Just one? I’ll risk inciting the ire of anyone already finding me too "something" by listing a few:
- The Beach Boys at The San Jose Civic Auditorium in the Summer of 1964, my first concert. Brian Wilson was playing Fender bass and singing.
- The Beatles at The Cow Palace in the Summer of 1965. Not as good live as on their recordings. Don’t blame the messenger ;-) .
- The Band at The Berkeley Community Theater in 1969. The absolute masters of ensemble playing, they were like a Jazz band.
- Rockpile at The Country Club in Reseda, CA in December 1980. The best pure Rock ’n’ Roll band I’ve ever seen live.
- The Lyres at Club Lingerie on Sunset Blvd. in the mid-80’s. A great , great Garage band. Much better live than on recordings. I almost lost my mind during "Help You Ann".
- Big Joe Turner backed by The Blasters, also at Club Lingerie, also in the mid-80’s. The first Rock ’n’ Roll singer? What a man!
- NRBQ at The Roxy Theater in the mid-90’s. Bassist Joey Spampinato turned down Keith Richard’s invitation to become the replacement for Bill Wyman in "The Greatest Rock ’n’ Roll Band In The World!" to remain in the best American Rock ’n’ Roll band.
- Little Village on a sound stage in Burbank, CA at the time of their lone album release. Ry Cooder’s guitar solo on "Lipstick Sunset" was the single greatest musical moment I have ever experienced.
- Leonard Cohen at The Universal Amphitheater in the early 2000’s. Very dramatic, unique, and classy.
- Iris Dement at The Troubadour in West L.A. in the 90’s. The room was so quiet and reverential you could have heard a pin drop. Iris is an Angel, a gift from God.
I saw a bunch of Rock bands many may prefer to the above, including Hendrix, Cream, The Who, The Dead, The Airplane, The Doors, The Stones, etc. Kids stuff ;-) .
For me it is a toss up.
I saw REM at a small venue in around 1986. They were breaking into the big time but were not there yet. Amazing show.
Three weeks ago I saw a new band called The Struts. I don’t know that I’ve ever seen such an engaging, charismatic front man. The crowd was in a frenzy the whole show and he had us in the palm of his hand. I’m a stodgy, bookish 55 year old. I do not dance. I occasionally tap my foot. During this whole show I was clapping, waving my hands, singing loudly and jumping up and down.
Maybe the passage of time makes The Struts concert seem better in my mind than REM....but its a toss up.
On the plus side, Rolling Stones & Stevie Wonder at the Spectrum in Philadelphia, 1972. Mick & Stevie encore together on Satisfaction & Uptight.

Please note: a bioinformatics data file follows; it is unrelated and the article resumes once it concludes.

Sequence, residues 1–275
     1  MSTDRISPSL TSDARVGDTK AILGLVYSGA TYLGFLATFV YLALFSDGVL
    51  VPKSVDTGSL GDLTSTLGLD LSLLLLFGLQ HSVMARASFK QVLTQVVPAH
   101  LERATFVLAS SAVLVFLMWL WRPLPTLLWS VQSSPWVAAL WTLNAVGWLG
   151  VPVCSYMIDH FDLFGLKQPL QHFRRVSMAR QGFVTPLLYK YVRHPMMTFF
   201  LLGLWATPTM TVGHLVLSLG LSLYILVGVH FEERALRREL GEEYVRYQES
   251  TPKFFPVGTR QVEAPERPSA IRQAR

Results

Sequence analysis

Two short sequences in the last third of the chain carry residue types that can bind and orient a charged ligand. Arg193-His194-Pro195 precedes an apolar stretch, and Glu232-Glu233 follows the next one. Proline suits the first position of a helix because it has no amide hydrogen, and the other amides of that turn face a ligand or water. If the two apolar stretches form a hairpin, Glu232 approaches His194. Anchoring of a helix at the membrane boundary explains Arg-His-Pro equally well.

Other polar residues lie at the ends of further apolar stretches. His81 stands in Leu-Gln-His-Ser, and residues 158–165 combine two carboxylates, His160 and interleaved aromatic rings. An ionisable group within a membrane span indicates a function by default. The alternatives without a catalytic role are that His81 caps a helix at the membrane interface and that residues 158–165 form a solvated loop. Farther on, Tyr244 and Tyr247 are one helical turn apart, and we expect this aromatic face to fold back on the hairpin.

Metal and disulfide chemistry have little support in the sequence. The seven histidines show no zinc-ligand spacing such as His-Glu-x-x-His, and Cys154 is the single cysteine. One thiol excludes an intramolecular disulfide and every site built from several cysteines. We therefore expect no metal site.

On the minus side, David Bowie & Stereophonics at the Knight Center in Miami, 2004. Stagehand fell from above the stage to his death in plain view of the audience after Stereophonics. Bowie was canceled.
Both memorable for obvious reasons.
More recently, two shows, Wilco & Paco de Lucia, a month apart at the Fillmore Miami Beach, 2012. Both were superb. Haven’t seen anything close to those shows in the past few years.
You attended many nice ones.
When I was in Berkeley on 1980’s, I was listening to mostly classical music.
Thus I attended only classical concerts at that time.
But now I regret not having attended "Grateful Dead" concert held at Berkeley Pavilion. .
Ii would have been fun surrounded with colorful shirts
I've been to hundreds of live shows. Three come to mind however. The most "memorable" concert that I've attended is the Grateful Dead at Alpine Valley summer of 1989. I was straight & sober that night. First time I saw them in that condition & they were GREAT! Saw them many times straight & sober after that, but the first time is the most memorable. Also saw King Crimson in Chicago mid 2000's & they were great. First moe. show was also one to remember. If you like jam bands you owe it to yourself to catch one of there shows.
Oh my where to start!
Will keep it short and start at the beginning.
Everybody’s first concert should be on the list yes?
Van Der Graf Generator, yes truly... Lol
As a snot nosed 13 year old even I could see I was a bit out of place but heck yeah it was good!
Next up following week was AC/DC with Bon Scott on vocals. High Voltage? Darn right!
Then Ritchie Blackmore Rainbow with quintessential lineup of Blackmore, Dio and Powell.
Styx on their Paradise Theater tour.
Rory Gallagher in a smoky whiskey sodden dive club.
But even though was a die hard rocker it was hard to ignore the explosion of punk.
To that end I saw perhaps the most fantastic display of pure energy by a band ever.
All in a tiny underground club( crypt would be more like it!).
The Vibrators... Blew my mind.
So I decided we needed some life at the next college bash and as I was the treasurer on the student union I hired The Clash to play at at our Christmas gig.
Blew the next year’s entire budget in one night...lol
Still not quite sure why they asked me to step down the following week though.
I’ve been to many hundreds of live shows over the last 40+ years. I was fortunate to get a job with Andy Frain Security when I was 17 years old, working concert security at Rupp Arena in Lexington, KY. At that time, Rupp was the largest indoor basketball arena in the country, so it drew all of the big shows of the day. I saw the Stones "Some Girls" tour on my first paid night of duty. How great is that? Getting paid to see The Stones! Also saw The Who, Rush, Kiss, Fleetwood Mac, AC/DC, The Cars, Parliament/Funkadelics, and all of the other big shows of the day. It was a great job, working with a bunch of cool people (mostly, except a few people power-trippin). Was luck to see the ELO "Flying Saucer" Tour at Rupp (not working).
Here’s a good one: The Tall Stacks Music and Heritage Festival in Cincinnati 2003. If you were a fan of Americana, as I was (and still am), it was an unbelievable lineup. and All for $12! Tall Stacks 2003 Lineup: